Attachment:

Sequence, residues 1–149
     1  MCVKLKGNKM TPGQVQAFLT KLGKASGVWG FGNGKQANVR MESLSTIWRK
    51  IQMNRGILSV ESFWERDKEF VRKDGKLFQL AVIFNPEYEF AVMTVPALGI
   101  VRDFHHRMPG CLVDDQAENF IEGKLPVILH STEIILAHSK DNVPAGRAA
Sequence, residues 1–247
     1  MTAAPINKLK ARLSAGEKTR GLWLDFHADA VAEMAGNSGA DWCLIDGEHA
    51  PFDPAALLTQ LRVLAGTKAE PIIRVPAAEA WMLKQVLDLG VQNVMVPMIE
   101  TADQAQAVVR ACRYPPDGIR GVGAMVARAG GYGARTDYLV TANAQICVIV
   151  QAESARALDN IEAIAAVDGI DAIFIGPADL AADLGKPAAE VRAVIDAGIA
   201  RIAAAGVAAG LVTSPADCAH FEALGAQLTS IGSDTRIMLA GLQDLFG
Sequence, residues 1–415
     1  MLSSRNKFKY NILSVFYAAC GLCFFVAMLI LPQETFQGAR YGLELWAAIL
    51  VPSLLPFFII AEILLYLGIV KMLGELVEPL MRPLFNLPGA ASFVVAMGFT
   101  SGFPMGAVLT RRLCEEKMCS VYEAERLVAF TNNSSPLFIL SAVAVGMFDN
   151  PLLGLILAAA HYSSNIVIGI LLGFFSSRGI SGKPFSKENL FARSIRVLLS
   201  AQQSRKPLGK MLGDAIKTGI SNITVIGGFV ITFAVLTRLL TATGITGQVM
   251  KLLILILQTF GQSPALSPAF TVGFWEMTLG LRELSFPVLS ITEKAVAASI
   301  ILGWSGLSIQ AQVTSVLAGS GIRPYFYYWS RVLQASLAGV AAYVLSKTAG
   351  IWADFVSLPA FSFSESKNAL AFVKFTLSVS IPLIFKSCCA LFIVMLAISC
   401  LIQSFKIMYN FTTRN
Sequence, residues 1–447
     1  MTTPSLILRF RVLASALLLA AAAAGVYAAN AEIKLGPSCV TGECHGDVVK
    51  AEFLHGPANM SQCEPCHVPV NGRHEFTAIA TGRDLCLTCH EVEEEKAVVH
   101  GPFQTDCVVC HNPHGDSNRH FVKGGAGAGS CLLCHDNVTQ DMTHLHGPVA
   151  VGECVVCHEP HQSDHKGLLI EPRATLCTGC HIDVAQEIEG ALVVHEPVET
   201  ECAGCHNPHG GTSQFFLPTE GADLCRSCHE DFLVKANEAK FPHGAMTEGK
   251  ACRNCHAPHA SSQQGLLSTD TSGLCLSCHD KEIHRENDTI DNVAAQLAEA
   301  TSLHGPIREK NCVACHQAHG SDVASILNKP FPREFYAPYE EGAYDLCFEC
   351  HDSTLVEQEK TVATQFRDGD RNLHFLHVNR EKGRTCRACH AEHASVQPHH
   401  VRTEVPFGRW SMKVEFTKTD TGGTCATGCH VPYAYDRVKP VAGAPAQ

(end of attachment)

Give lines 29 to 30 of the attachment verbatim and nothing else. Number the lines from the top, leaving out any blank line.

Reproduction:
   351  HDSTLVEQEK TVATQFRDGD RNLHFLHVNR EKGRTCRACH AEHASVQPHH
   401  VRTEVPFGRW SMKVEFTKTD TGGTCATGCH VPYAYDRVKP VAGAPAQ